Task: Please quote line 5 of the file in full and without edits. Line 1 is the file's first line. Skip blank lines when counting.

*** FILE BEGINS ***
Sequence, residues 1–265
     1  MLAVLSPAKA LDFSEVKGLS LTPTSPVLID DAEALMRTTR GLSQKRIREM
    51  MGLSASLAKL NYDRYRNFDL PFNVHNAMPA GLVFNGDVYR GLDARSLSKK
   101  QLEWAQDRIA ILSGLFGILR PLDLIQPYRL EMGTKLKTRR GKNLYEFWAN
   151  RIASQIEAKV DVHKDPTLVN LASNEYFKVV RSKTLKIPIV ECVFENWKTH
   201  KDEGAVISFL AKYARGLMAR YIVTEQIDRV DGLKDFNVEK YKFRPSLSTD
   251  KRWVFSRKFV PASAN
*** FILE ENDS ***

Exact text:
   151  RIASQIEAKV DVHKDPTLVN LASNEYFKVV RSKTLKIPIV ECVFENWKTH